Ma­chines that turn com­mer­cial food waste into smart garbage

Web-con­nected di­gesters re­duce waste and sup­ply use­ful feed­back “It oc­curred to me that waste was valu­able”

Bloomberg Businessweek (Asia) - - CONTENTS - Olga Kharif

When Dunkin’ Donuts fran­chise owner Bill Mul­hol­land wanted to re­duce costs, he took a closer look at his garbage. About a year ago, he got a deal on a $400-a-month bio-di­gester—a com­mer­cial, dish­washer-size steel box filled with bac­te­ria that con­verts food waste into sewage—from BioHiTech, a maker of the ma­chines. Mul­hol­land, who’d heard about the di­gester from a friend, also liked the idea of help­ing the en­vi­ron­ment by cut­ting down on garbage. Be­sides shav­ing a bit off his $550 monthly trash-haul­ing costs, the web-con­nected ma­chine pro­vides Mul­hol­land with in­for­ma­tion to help him bet­ter run his busi­ness. “If we don’t have enough waste run­ning through the ma­chine, I know we don’t have enough prod­uct,” he says. “If we have too much, we are over­bak­ing. I re­ally can see from afar if my store man­agers are do­ing a good job.”

Ex­tract­ing in­for­ma­tion from garbage was just what Frank Celli, the chief ex­ec­u­tive of­fi­cer of BioHiTech, was af­ter when he and his team de­vised a way to make the ma­chines smart. “It oc­curred to me that waste was valu­able,” says Celli, who as a teenager worked in his fam­ily’s garbage-haul­ing busi­ness in New York’s Hud­son Val­ley. He could tell a lot about cus­tomers from their trash.

BioHiTech started de­vel­op­ing the web-con­nected di­gesters in 2013, adding an In­tel pro­ces­sor, spe­cial soft­ware, and con­nec­tiv­ity, and it be­gan mar­ket­ing the units in 2014. Since then, the com­pany and a hand­ful of com­peti­tors, in­clud­ing San Jose-based Power Knot and Canada’s To­tally Green, have per­suaded hun­dreds of busi­nesses across the U.S., from Hil­ton Ho­tels to the Cheese­cake Fac­tory to the U.S. Army, to buy the units. Busi­ness own­ers and man­agers can track, via PC or a mo­bile app, how fre­quently the di­gesters are used, how much waste is di­gested, even which sup­plier the waste comes from. “It al­lows us to pro­vide our cus­tomers with a level of trans­parency they can’t re­ceive any­where else,” Celli says.

The com­pa­nies sell and lease the ma­chines. BioHiTech’s leas­ing fees range from $6,000 to $13,000 a year,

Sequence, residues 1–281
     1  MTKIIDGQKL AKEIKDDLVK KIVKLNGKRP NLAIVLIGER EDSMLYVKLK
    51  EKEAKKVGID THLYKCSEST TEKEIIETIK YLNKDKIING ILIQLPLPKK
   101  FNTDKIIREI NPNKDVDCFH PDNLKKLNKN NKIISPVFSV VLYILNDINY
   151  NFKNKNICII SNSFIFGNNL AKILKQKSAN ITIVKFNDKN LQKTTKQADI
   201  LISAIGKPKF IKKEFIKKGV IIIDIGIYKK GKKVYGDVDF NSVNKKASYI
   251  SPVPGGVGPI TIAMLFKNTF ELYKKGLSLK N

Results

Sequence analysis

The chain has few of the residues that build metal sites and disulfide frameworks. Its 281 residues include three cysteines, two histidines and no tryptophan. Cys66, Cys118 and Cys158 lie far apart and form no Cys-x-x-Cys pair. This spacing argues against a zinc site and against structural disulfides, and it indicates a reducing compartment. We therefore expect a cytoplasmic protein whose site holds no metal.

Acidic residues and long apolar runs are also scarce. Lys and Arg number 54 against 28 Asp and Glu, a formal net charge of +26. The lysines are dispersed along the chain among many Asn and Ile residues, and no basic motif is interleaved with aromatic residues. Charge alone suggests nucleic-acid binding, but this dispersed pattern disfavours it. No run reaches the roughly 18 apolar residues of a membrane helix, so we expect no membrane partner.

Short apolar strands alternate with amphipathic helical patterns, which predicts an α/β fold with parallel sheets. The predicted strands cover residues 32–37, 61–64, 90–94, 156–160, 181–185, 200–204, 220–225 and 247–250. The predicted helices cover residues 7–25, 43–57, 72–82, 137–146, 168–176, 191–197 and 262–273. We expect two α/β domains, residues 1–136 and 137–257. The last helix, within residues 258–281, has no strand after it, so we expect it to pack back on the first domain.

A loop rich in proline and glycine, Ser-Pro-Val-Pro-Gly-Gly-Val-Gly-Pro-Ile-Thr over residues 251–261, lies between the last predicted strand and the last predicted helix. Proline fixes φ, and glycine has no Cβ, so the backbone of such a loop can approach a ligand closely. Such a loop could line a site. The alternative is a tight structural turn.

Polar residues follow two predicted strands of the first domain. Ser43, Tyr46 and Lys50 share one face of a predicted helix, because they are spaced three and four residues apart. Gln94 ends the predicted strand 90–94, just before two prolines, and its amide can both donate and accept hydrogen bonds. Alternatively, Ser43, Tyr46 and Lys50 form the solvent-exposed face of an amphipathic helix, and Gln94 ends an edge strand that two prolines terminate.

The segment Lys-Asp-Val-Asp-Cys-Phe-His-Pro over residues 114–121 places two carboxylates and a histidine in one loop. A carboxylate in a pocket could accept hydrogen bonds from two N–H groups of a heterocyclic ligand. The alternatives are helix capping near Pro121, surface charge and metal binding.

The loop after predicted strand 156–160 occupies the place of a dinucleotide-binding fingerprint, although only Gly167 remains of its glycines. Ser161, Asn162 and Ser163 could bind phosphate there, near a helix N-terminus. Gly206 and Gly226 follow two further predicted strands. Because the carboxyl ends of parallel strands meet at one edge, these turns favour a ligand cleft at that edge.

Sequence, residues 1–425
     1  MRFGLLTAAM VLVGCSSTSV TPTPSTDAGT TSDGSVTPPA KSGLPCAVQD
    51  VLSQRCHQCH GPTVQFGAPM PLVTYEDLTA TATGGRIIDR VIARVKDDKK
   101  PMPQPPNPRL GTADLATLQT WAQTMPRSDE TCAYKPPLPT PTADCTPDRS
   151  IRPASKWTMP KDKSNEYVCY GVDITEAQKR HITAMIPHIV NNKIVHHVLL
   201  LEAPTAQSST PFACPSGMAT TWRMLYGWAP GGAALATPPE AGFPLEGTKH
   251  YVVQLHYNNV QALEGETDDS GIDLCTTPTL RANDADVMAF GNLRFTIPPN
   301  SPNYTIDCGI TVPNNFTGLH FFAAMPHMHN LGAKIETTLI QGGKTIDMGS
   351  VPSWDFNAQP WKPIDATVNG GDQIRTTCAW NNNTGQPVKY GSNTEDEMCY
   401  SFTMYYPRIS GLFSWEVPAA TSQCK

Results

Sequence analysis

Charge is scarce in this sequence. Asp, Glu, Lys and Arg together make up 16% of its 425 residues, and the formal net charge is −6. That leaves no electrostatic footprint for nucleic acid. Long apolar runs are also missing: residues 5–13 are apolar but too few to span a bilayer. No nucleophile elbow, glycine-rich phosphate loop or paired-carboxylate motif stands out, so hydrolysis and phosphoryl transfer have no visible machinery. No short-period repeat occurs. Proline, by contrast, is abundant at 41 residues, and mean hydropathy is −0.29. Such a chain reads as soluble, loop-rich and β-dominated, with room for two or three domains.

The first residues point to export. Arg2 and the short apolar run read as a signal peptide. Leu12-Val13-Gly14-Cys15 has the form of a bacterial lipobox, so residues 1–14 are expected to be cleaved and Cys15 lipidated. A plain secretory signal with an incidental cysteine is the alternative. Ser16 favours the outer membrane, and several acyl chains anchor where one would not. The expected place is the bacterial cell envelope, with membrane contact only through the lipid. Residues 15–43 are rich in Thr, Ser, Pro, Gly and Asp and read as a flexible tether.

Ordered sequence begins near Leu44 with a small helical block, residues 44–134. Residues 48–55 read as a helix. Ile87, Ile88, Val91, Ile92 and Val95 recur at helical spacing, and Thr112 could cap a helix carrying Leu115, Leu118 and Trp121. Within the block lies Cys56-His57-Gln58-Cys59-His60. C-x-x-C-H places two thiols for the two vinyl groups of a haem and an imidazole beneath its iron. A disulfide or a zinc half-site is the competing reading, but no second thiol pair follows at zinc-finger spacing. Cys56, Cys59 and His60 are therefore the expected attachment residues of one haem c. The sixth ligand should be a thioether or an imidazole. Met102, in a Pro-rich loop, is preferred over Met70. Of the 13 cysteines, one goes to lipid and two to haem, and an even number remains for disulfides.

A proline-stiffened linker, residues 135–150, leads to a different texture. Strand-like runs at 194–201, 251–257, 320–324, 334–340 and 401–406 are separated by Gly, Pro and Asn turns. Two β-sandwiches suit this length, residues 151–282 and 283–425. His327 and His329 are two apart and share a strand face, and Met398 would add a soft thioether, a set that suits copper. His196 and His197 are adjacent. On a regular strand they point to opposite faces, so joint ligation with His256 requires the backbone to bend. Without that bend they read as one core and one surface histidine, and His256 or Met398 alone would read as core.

de­pend­ing on the size of the unit; the pur­chase price ranges from $23,000 to $42,000. A small di­gester—46 inches wide, 35 inches deep, and 50 inches high—pro­cesses up to 800 pounds of waste in 24 hours, ac­cord­ing to Celli.

BioHiTech es­ti­mates the mar­ket for its type of di­gesters could ex­pand to more than 250,000 units used by busi­nesses do­mes­ti­cally, as cities and states grap­ple with bet­ter waste man­age­ment and en­vi­ron­men­tal reg­u­la­tions. Roughly one-third of food pro­duc­tion glob­ally is lost or wasted, ac­cord­ing to the Food and Agri­cul­ture Or­ga­ni­za­tion of the United Na­tions. Ninety-five per­cent of that winds up in land­fills, where de­com­pos­ing scraps emit meth­ane, a green­house gas that con­trib­utes to cli­mate change. Last Septem­ber the U.S. En­vi­ron­men­tal Pro­tec­tion Agency and the U.S. De­part­ment of Agri­cul­ture set a first-ever na­tional goal of cut­ting food waste in half by 2030.

Many states are push­ing for re­duc­tions, too. A Cal­i­for­nia law that re­quires busi­nesses to ar­range for re­cy­cling their or­ganic waste started to take ef­fect this year. Since 2014, Mas­sachusetts has pro­hib­ited large waste pro­duc­ers, such as food pro­ces­sors and col­lege cam­puses, from dump­ing food with the rest of their garbage. The ef­forts are sim­i­lar to the move to adopt re­cy­cling in gen­eral, ac­cord­ing to David Bo­damer, an ex­ec­u­tive di­rec­tor at the trade pub­li­ca­tion Waste360. Some states lead the way, oth­ers fol­low. “The same thing is go­ing to hap­pen with food waste,” he says.

BioHiTech’s Celli sees even greater op­por­tu­ni­ties to ex­pand into larger ma­chines and in­ter­na­tion­ally. On May 16, the com­pany, which is not yet prof­itable, an­nounced that a sub­sidiary will fo­cus on the mu­nic­i­pal waste mar­ket. Last year it es­tab­lished a unit in the U.K. to ex­ploit op­por­tu­ni­ties in Europe. The com­pany hopes to sell 100 dis­posers in the U.K. in the next 24 months, and it’s also ex­pand­ing in Sin­ga­pore, Latin Amer­ica, and Mex­ico. To­tally Green, which turned a profit in the last year, could even­tu­ally ex­pand be­yond the U.S. and Canada. “We’re get­ting calls from all over the world,” says CEO Louis Anag­nos­takos. “Peo­ple are start­ing to un­der­stand there are op­tions to the truck, to the tra­di­tional waste-dis­posal meth­ods,” he says.

The bot­tom line Com­pa­nies can learn a lot about their busi­nesses by an­a­lyz­ing data from web-con­nected bio-di­gesters.

BioHiTech’s di­gesters can break down 800 pounds to 2,400 pounds of waste per day, de­pend­ing on their size

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